C.O.R.N. Newsletter Articles

  1. Author(s): Mark Loux

    Based on the current price of wheat, some wheat fields with less than ideal stands are being taken to yield instead of terminated.  A uniform wheat stand usually provides most of the weed control that’s needed.  Weeds will likely be more evident and in need of control where stands are thin or erratic.  We have been told wheat herbicides are scarce, so growers might want to check with suppliers soon.  Reminder that any product containing dicamba has to be applied prior to jointing. 

    Issue: 2022-07
  2. Author(s): John Barker , Author(s): Mark Loux , Author(s): Tony Nye

    Are you concerned about the effectiveness of your herbicide program?  Want to sharpen your weed id skills?  Not sure which nozzles provide the best control options?  Is herbicide resistance REALLY that big of a problem?  These topics and many more will be discussed at the 2022 Ohio Weed University.

    Issue: 2022-01
  3. Author(s): Mark Loux

    It can be nice to see old friends.  Except when they cause crop and yield loss, refuse to leave after a few days, and don’t respond to chemicals.  A while back we wrote about what appeared to be an increase in populations of dandelions and other winter weeds and made some guesses about why this was happening.  Canada thistle has once again become a problem in some fields in a big way, probably for some of the same reaso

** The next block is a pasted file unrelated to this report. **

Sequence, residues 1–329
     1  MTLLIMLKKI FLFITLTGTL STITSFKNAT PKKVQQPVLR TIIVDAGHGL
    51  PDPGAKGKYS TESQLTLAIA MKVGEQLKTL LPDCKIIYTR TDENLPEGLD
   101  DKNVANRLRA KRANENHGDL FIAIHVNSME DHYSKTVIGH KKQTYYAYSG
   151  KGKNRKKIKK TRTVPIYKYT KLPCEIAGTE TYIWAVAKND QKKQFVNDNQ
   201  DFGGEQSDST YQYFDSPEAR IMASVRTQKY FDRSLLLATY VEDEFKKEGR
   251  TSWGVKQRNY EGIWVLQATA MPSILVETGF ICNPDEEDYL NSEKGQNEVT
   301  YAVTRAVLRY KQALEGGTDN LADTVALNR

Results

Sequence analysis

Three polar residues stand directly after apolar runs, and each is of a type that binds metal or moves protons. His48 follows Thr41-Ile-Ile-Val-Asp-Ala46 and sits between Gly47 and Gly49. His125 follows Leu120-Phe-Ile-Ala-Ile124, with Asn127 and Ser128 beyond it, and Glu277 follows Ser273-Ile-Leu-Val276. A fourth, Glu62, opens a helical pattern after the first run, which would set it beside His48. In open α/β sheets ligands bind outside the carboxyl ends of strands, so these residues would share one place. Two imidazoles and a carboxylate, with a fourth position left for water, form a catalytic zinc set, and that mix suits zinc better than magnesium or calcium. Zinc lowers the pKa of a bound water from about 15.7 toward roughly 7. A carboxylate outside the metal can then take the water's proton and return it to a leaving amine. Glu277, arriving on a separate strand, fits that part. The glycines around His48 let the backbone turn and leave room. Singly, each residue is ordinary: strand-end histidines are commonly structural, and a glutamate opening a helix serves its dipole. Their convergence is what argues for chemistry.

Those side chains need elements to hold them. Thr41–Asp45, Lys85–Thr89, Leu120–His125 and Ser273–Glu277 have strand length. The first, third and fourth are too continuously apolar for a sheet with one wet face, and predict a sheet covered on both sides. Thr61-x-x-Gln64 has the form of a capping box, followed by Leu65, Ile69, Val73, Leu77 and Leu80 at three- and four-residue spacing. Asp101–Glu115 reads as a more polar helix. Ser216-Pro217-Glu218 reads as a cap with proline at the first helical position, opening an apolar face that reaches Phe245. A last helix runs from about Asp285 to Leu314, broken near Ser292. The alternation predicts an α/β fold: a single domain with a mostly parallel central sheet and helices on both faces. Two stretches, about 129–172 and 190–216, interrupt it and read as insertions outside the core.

Issue: 2021-19
  4. Poison hemlock (Conium maculatum L.) and wild parsnip (Pastinaca sativa L.) are combined in this report because these invasive non-native weeds are increasingly found growing together in Ohio.  However, the defense chemicals of these weeds are very different and have vastly different modes of action.  This is important to understand relative to management options as well as medical treatments for exposure to these highly dangerous weeds.
    Author(s): Mark Loux , Author(s): Ted Wiseman , Author(s): Allen Gahler

    Wild Parsnip FlowersPoison hemlock seems to be on everyone’s radar more than usual this year, especially in northern Ohio.  We know that while hemlock has been all over southern Ohio for years, it is continuing to spread northward, where new occurrences and observations of it may be engendering concern in the general public and local government. There have also been comments that it seems “worse than usual” this year in

    Issue: 2021-19
  5. Author(s): Richard Purdin , Author(s): Taylor Dill , Author(s): Les Ober, CCA

    Roughstalk BluegrassThere is a new and emerging weed challenging cereal grain and forage producers across the state. Roughstalk Bluegrass has taken root in wheat fields and newly established forage stands. This weed has reached population levels high enough to inhibit the harvest of cereal grains, reduce the quality of forages, and crowd out newly established forages.

    What is it?

    Issue: 2021-18


  1. 12/2020

    Ohio, Indiana and Illinois Weed Control Guide, Bulletin 789. Publication gives detailed guidance on weed control selections. Numerous tables by crop and application help producers select the best product option for their weed control situation. Hard copy and PDF available for purchase

Subscribe to RSS - Weeds